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BlackRock and Grayscale persist with Ethereum ETF applications despite SEC delays

Despite recent hiccups with the SEC delaying decisions, Grayscale Investments and BlackRock have not sat idle. They’ve made progress by updating their applications for spot Ethereum ETFs. On April 23, Grayscale filed an S-3 registration statement with the SEC.

This maneuver is part of their strategy to turn the existing Grayscale Ethereum Trust into a spot ETF.

Grayscale’s Mini Bitcoin ETF strategy shift

Grayscale Investments is adopting a similar approach as their major Bitcoin ETF competitor by introducing a less expensive “Mini” version of GBTC. Although utilizing this strategy may not be as successful as BlackRock’s similar moves in other ETF areas, experts believe the new Grayscale fund could attract investments rapidly.


Grayscale’s situation with the Bitcoin ETF is complex. They successfully fought a case against the Securities and Exchange Commission last year, which later helped the regulator approve such funds.

Furthermore, the firm’s Bitcoin Trust ETF currently manages the most assets — at least now. BlackRock’s rapidly expanding iShares Bitcoin Trust held about $18.2 billion in assets as of Tuesday, placing it second to GBTC’s $20.2 billion asset pool. On the other hand, the Fidelity Wise Origin Bitcoin Fund manages around $10 billion in assets.

The GBTC, which has a higher fee of 1.5% compared to its competitors, has been losing investor money. Since it became an ETF on January 11, the fund has experienced net outflows every trading day, leading to a total loss of $16.8 billion, as Farside Investors’ data shows.

Grayscale plans to initiate a Bitcoin Mini Trust. This would operate as a ‘spin-off’ from commodity ETFs where a portion of the parent fund’s bitcoin holdings would be directed towards this new venture, as stated by Grayscale. Grayscale announced on Tuesday that they plan to introduce two diverse types of ether ETFs.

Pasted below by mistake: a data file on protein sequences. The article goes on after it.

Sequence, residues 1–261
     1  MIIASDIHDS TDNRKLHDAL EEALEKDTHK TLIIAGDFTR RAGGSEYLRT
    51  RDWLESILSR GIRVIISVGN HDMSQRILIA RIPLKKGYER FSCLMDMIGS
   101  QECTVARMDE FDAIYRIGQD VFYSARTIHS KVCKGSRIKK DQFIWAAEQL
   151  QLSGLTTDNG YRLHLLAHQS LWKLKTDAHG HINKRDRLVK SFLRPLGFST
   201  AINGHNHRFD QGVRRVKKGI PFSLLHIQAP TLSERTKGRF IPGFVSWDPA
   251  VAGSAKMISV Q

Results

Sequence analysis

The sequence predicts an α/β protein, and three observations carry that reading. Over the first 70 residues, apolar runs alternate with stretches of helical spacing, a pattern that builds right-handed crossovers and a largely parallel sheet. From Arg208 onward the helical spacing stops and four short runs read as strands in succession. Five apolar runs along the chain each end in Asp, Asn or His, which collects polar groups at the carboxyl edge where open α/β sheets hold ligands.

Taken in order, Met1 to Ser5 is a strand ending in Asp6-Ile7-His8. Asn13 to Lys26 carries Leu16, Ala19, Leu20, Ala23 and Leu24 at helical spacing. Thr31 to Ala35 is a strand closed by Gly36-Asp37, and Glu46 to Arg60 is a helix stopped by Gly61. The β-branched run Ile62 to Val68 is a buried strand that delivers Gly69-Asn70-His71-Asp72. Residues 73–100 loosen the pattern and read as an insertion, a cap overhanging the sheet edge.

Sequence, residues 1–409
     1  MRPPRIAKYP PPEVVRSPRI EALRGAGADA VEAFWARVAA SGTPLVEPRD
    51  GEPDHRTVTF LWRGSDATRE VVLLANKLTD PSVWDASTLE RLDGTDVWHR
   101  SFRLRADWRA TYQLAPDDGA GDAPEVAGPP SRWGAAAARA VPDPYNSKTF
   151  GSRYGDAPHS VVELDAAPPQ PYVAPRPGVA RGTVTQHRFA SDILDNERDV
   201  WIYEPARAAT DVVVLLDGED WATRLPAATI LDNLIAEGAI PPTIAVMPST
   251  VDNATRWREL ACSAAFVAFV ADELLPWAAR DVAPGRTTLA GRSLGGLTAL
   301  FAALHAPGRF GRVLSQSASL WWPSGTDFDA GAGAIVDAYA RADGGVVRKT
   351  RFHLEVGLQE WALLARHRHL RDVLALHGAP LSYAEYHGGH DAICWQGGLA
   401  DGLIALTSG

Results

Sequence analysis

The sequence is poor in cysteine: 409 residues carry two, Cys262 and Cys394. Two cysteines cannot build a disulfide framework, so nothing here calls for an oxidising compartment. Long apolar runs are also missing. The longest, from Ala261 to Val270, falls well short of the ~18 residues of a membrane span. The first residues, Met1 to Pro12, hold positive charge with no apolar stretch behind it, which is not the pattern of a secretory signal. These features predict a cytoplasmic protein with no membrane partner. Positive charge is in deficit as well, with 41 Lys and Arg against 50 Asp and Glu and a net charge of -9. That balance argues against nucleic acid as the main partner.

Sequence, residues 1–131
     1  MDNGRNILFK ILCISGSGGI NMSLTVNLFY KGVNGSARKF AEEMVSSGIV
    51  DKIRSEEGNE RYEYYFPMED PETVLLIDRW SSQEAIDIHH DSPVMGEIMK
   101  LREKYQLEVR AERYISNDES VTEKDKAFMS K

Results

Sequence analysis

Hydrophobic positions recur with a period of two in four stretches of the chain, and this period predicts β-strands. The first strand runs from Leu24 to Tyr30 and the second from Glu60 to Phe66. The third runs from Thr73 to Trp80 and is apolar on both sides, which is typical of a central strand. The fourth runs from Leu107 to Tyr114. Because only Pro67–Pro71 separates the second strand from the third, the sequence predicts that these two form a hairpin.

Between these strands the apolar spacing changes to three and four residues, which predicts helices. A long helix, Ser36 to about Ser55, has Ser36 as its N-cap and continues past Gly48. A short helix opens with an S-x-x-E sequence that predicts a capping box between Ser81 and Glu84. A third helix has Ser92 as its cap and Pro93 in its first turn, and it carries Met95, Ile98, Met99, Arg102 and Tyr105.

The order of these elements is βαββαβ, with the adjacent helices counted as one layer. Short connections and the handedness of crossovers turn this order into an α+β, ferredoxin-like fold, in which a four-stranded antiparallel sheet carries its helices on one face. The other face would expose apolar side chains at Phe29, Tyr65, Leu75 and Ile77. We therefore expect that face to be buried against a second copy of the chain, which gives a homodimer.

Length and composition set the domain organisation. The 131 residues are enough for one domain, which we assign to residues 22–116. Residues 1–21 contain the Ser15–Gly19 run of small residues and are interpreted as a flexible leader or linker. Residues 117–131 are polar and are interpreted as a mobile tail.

Grayscale’s new fund vs. lowering GBTC fee

Why doesn’t Grayscale just reduce the 1.5% fee of GBTC rather than starting a new fund altogether? A representative from Grayscale didn’t immediately respond to our request for more details on this approach. However, market analysts suggest introducing an additional fund could attract a broader range of investors.

Neena Mishra, who heads ETF research at Zacks Investment Research, pointed out that short-term traders might still prefer GBTC for its fluidity. Meanwhile, long-term investors who plan to hold onto their assets would likely choose BTC.

In a research note from December 2017, Ben Johnson, the leader of client solutions for asset management at Morningstar, discussed this specific strategy related to a different fund division.

In 2003, BlackRock released the iShares MSCI Emerging Markets ETF. About two years later, Vanguard, a competing fund group, introduced a more affordable ETF for emerging markets stocks, the Vanguard FTSE Emerging Markets ETF.

In 2012, BlackRock launched the iShares Core MSCI Emerging Markets ETF in response to Vanguard’s competitive edge over EEM. It was a wider range fund offered at a 0.18% price, compared to the 0.68% of EEM. This change occurred years after EEM had lost significant market share to VWO.

When IEMG was launched, Johnson noted that it was effectively an attempt by BlackRock to maximize its benefits while still retaining full privileges, quite like the proverbial having one’s cake and eating it too.

According to data from ETF.com, the initial emerging markets ETF, known as EEM, currently manages assets worth $16.6 billion. Meanwhile, IEMG and VWO handle around $74 billion each in assets.

In 2001, BlackRock introduced the iShares MSCI EAFE ETF with an asset value of $50.8 billion and an expense ratio of 0.35%. About a decade later, in 2012, it launched the more affordable iShares Core MSCI EAFE ETF with a 0.07% expense. IEFA now manages a substantial $110.8 billion.

Even though not as widely adopted as IEMG and IEFA, a compact version of the original physically supported gold ETF saw a considerable influx of investments.

In 2004, State Street Global Advisors launched SPDR Gold Shares, and in 2018, they introduced a more affordable alternative, SPDR Gold MiniShares Trust. Currently, GLD and GLDM manage assets worth $63.6 billion and $7.6 billion, respectively.

The odds of getting Ethereum ETFs approved are looking grim. Eric Balchunas, a Bloomberg ETF analyst who previously estimated a 70% chance of approval, now believes it’s dropped to a 25% likelihood. Betting site Polymarket predicts only an 11% chance of the SEC approving by the end of May.